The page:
One morning three years ago, after a pipe broke, the small mountain town of Bakersville awoke to a community nightmare – no water.
“We lost all the water we had in our reservoir overnight, and it’s a scary thought,” recalled Mayor Charles Vines, who has been in office for 25 years. “We hauled water for almost 60 hours in milk truck tankers approved by the state.”
Bakersville is among the North Carolina communities that, even in the best times, has to stretch its water budget.
Cane Creek is not big enough to be relied on, so the town gets its water from wells that are pumped only a few hours a day. Acidic mountain soil eats at the galvanized metal of water lines installed in the 1940s and 1950s. Crews replace lines as they can.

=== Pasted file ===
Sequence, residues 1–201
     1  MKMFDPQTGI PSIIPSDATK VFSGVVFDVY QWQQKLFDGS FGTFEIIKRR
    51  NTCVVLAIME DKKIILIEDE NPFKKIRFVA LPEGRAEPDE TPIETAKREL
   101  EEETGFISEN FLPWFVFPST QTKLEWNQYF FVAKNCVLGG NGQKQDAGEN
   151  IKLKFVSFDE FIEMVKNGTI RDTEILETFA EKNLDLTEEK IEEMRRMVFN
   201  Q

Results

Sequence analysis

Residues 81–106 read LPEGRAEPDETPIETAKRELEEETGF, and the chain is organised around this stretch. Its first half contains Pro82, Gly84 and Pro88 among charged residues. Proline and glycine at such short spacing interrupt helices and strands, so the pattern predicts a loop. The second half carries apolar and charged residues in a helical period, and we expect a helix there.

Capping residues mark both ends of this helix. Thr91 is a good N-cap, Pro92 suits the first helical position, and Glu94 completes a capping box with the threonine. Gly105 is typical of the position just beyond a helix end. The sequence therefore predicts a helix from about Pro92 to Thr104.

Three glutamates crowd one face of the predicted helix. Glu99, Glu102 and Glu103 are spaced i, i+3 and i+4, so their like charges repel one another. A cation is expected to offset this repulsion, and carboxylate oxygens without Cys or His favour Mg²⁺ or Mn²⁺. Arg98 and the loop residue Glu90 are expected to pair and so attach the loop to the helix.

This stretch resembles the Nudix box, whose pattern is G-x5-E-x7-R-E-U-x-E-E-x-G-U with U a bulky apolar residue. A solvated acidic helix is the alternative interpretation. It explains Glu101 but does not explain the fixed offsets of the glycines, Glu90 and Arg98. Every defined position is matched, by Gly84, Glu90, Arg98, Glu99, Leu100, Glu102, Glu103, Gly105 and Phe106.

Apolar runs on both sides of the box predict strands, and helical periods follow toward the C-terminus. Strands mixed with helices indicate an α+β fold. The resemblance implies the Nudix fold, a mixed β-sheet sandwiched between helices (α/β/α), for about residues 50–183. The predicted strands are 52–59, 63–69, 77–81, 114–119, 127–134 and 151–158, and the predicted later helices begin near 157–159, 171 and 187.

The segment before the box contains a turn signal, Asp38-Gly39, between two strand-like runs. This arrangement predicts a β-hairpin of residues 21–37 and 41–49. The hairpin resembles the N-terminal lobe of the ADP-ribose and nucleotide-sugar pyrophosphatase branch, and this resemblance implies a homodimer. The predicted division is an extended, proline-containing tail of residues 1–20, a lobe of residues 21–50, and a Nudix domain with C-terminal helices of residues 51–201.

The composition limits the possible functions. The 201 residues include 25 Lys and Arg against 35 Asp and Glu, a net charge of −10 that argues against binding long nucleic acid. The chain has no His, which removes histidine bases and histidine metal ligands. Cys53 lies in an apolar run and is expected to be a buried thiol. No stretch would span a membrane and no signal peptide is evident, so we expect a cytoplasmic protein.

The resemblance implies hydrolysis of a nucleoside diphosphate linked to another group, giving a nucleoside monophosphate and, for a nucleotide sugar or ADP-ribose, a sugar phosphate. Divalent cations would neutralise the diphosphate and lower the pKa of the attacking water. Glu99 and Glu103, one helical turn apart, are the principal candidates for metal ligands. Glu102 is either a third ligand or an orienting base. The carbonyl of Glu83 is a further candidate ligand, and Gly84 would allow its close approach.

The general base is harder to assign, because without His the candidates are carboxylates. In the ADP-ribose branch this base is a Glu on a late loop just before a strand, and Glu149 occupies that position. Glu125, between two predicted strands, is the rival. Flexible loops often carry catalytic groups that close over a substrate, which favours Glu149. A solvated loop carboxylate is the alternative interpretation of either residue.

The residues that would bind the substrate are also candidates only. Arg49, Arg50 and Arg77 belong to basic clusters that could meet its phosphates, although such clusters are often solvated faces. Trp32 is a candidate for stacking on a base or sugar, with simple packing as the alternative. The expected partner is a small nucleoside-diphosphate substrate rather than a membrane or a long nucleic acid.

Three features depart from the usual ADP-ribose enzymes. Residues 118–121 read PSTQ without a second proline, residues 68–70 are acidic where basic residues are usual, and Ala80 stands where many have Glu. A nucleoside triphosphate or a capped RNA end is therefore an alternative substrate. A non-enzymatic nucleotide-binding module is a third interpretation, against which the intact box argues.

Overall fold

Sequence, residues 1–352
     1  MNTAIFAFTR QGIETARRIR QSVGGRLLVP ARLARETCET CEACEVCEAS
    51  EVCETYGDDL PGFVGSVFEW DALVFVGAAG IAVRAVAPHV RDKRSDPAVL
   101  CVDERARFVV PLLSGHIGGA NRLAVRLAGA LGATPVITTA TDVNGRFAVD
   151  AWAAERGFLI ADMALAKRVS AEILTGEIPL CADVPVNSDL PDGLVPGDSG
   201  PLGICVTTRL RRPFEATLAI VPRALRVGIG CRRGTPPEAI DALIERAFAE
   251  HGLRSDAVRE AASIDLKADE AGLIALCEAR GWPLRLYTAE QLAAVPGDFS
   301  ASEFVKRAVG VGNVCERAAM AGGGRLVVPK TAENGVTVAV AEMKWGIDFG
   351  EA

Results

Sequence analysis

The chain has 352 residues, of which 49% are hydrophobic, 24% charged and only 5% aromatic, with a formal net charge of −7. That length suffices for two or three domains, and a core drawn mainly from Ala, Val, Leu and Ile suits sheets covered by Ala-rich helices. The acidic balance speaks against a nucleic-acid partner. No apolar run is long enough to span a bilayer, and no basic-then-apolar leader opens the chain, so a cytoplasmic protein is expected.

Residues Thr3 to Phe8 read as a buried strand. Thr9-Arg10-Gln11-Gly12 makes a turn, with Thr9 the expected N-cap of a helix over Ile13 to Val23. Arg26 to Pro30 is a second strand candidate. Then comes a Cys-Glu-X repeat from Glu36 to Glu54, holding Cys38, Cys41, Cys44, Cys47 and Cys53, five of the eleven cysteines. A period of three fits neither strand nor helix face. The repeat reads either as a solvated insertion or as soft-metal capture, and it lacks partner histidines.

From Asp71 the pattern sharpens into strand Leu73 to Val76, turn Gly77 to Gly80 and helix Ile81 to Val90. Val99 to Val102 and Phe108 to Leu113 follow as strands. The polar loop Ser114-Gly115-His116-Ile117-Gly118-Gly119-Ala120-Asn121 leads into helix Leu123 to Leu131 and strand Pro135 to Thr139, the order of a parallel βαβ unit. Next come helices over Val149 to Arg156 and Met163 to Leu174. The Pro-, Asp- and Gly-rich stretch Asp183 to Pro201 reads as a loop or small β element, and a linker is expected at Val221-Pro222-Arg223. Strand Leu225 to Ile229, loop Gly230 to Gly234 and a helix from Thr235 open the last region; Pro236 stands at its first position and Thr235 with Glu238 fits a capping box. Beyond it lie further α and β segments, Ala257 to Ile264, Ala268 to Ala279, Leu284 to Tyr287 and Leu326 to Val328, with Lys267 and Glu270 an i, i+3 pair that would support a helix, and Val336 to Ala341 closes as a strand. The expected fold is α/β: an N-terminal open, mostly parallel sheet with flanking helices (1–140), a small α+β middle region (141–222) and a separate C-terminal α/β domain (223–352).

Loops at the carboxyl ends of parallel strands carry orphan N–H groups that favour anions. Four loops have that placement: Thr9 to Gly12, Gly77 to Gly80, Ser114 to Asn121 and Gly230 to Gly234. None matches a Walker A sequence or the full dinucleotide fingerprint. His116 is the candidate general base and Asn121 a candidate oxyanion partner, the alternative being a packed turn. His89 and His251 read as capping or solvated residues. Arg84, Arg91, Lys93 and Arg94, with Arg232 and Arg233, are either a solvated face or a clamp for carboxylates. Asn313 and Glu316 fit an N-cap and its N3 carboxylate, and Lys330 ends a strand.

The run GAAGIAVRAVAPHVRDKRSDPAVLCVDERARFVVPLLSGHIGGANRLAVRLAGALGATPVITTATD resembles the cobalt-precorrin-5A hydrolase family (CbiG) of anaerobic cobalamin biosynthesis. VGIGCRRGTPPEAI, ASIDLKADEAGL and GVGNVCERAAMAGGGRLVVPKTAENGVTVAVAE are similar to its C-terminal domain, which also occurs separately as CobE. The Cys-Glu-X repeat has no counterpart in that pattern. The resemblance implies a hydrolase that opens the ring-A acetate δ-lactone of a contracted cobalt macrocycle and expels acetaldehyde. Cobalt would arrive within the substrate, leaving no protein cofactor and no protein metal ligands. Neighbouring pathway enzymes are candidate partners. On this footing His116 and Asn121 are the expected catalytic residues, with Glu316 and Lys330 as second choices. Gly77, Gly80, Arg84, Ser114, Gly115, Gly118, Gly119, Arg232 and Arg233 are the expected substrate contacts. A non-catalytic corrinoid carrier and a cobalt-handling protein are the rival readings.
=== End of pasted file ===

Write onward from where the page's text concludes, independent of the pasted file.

The town has grown creative in nursing its tenuous water supply.
Rainwater running off the Town Hall roof is stored to water ornamental plants. The fire department pumps water from creeks instead of hydrants. Water bills are monitored for spikes that might uncover leaks.
In some communities, scarce water is sometimes compounded by the waste of it.
A mile high in the mountains, the ski town of Beech Mountain is searching for a new water source – while leaking more than half its treated water from the poorly built lines a resort developer installed. Replacing the water lines and other infrastructure would cost the town of 319 year-round residents $34.5 million, according to a 2011 estimate.
North Carolina’s water infrastructure needs, such as corroding pipes, are conservatively estimated at $10 billion. That’s ninth-highest among the states.
“When you go to bed and have to wonder whether you’ll have any water in the morning,” said Vines, the Bakersville mayor, “it never leaves your mind.”